Not many days intervened before ambassadors came from the Leontines, requesting troops to protect their frontiers; an embassy which appeared to afford a very favourable opportunity for disencumbering the city of a turbulent and disorderly rabble, and for removing their leaders to a distance.
The praetor, Hippocrates, was ordered to lead the deserters thither. Many of the mercenary auxiliaries accompanying them made them number four thousand armed men.
This expedition gave great delight both to those who were sent and those who sent them, for to the former an opportunity was afforded of change which they had long desired, while the latter were rejoiced because they considered that a kind of sink of the city had been drained off. But they had, as it were, only relieved a sick body for a time, that it might afterwards fall into a more aggravated disease.
For Hippocrates began to ravage the adjoining parts of the Roman province, at first by stealthy excursions, but afterwards, when Appius had sent a body of troops to protect the lands of the allies, he made an attack with all his forces upon the guard posted over against him, and slew many.
Marcellus, when informed of [p. 931]
this, immediately sent ambassadors to Syracuse, who said that the faith of the treaty had been broken, and that there would never be wanting a cause for hostilities, unless Hippocrates and Epicydes were removed not only from Syracuse, but far from all Sicily. Epicydes, lest by being present he should be arraigned for the offence committed by his absent brother, or should be wanting on his own part in stirring up a war, proceeded himself also to the Leontines; and seeing that they were already sufficiently exasperated against the Romans, he endeavoured to detach them from the Syracusans also.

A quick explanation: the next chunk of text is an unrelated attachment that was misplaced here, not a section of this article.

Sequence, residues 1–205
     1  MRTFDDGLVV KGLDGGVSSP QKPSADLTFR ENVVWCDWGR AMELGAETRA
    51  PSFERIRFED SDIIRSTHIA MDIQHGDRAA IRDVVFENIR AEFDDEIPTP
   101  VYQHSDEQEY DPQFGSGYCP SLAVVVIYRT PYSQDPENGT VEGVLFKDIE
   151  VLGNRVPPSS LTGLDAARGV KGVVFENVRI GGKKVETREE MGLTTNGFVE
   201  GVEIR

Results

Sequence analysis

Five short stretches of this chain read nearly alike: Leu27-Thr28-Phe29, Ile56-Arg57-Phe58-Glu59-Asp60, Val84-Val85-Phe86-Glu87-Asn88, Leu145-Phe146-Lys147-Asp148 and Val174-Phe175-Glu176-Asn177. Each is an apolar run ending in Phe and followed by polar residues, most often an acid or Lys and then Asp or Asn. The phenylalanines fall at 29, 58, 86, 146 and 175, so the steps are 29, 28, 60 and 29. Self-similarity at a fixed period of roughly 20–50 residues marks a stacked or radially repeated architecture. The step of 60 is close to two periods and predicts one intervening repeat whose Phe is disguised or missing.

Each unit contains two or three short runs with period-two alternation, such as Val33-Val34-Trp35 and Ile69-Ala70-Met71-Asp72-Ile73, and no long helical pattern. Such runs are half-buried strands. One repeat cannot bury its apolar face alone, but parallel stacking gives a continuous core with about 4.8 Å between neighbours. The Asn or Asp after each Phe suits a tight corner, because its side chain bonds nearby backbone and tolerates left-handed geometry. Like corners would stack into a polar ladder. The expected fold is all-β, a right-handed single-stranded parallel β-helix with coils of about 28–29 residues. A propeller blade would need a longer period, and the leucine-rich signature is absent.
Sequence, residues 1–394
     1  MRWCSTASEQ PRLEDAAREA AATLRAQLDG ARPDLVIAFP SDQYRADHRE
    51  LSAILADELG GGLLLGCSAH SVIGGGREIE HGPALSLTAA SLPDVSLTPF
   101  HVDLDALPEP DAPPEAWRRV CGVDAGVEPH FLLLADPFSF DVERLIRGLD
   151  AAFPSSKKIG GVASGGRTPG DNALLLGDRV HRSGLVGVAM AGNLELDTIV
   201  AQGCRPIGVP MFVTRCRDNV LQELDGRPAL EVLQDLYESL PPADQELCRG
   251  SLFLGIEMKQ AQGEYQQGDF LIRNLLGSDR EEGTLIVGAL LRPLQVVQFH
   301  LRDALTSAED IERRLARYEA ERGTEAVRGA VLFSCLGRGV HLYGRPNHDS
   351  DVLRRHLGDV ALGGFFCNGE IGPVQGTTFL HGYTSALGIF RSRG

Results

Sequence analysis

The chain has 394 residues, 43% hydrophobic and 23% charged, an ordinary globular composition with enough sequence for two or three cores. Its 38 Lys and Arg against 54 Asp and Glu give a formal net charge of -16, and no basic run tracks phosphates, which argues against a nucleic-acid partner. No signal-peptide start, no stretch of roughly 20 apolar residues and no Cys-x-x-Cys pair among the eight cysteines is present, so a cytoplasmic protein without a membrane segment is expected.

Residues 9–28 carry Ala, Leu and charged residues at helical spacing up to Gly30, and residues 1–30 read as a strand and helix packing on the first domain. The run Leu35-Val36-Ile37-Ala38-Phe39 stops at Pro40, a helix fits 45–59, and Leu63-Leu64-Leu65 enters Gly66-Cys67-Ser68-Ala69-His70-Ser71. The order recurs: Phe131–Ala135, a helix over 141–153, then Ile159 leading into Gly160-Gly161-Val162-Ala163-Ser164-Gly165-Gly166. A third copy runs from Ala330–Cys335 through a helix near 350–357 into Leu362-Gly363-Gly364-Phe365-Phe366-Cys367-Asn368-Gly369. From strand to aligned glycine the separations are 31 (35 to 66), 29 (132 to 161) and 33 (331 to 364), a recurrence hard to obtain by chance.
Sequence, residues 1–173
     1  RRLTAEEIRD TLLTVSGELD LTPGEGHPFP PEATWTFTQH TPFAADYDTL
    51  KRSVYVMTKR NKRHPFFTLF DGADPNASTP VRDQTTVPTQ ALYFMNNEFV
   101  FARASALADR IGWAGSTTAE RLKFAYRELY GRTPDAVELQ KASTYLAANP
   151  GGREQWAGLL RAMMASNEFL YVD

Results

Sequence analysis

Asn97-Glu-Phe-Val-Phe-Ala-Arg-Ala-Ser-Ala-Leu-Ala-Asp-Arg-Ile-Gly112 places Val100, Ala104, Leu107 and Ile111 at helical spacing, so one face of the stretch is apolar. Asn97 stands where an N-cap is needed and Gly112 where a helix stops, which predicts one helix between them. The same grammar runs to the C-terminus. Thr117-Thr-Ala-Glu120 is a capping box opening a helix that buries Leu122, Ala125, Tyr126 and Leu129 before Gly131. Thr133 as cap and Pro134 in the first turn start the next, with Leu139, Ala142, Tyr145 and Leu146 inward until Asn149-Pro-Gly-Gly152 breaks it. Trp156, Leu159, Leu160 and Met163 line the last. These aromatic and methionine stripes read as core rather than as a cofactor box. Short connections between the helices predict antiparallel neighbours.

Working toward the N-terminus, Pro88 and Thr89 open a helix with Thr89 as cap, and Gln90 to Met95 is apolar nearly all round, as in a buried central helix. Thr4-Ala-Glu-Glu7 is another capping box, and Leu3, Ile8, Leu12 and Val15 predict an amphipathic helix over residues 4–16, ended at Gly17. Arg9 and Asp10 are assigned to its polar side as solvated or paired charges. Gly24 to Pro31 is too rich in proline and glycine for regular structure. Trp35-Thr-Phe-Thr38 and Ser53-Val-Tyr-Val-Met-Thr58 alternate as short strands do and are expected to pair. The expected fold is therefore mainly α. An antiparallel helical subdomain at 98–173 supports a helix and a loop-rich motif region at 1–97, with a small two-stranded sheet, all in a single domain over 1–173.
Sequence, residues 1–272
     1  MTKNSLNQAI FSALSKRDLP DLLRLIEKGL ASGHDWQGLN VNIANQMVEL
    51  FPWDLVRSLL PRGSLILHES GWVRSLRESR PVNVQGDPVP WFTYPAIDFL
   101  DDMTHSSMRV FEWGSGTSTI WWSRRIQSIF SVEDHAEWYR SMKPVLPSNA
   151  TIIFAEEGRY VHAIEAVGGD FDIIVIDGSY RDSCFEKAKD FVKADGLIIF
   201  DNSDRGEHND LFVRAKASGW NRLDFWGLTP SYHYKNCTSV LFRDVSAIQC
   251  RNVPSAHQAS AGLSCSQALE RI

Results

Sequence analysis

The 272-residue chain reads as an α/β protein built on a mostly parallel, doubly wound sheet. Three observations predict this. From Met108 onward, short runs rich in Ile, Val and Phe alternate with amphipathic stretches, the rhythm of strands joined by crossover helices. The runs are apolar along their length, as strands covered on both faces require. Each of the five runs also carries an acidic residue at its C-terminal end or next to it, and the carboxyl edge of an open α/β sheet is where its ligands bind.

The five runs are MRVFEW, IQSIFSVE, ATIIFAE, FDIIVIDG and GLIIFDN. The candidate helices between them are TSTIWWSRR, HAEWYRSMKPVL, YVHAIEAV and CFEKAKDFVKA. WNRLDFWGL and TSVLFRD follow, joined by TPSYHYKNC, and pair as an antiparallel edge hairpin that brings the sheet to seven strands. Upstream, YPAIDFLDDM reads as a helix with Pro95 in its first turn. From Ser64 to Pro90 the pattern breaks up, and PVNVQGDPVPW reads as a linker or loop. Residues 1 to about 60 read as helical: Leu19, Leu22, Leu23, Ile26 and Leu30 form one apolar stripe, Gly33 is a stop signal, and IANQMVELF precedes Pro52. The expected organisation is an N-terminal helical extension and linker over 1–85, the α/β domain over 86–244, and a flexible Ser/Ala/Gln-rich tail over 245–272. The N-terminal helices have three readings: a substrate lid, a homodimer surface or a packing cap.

His argument was, that the terms on which they had formed a treaty of peace with the Romans were, that whatever people had been subject to their kings should be placed under their dominion;
and that now they were not satisfied with liberty unless they could also exercise kingly power and dominion over others.
The answer, therefore, he said, which they ought to send back was, that the Leontines also considered themselves entitled to liberty, either on the ground that the tyrant fell in the streets of their city, or that there the shout was first raised for liberty; and that they were the persons who, abandoning the king's generals, flocked to Syracuse.
That, therefore, either that article must be expunged from the treaty, or that that term of it would not be admitted. They easily persuaded the multitude;
and when the ambassadors of Syracuse complained of the slaughter of the Roman guard, and ordered that Hippocrates and Epicydes should depart either to Locri or any other place they pleased, provided they quitted Sicily, a reply was made to them in a haughty manner, “that they had neither placed themselves at the disposal of the Syracusans to make a
peace for them with the Romans, nor were they bound by the treaties of other people.”
This answer the Syracusans laid before the Romans, declaring at the same time that “the Leontines were not under their control, and that, therefore, the Romans might make war on them without violating the treaty subsisting between them; that they would also not be wanting in the war, provided that when brought again under subjection, they should form a part of their dominion, agreeably to the conditions of the peace.”